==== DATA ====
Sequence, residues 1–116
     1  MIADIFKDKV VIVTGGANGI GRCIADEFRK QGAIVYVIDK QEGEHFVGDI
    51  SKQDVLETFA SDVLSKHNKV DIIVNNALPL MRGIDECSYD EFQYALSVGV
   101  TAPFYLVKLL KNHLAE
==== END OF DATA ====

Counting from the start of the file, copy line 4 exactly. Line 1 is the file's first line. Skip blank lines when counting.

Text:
   101  TAPFYLVKLL KNHLAE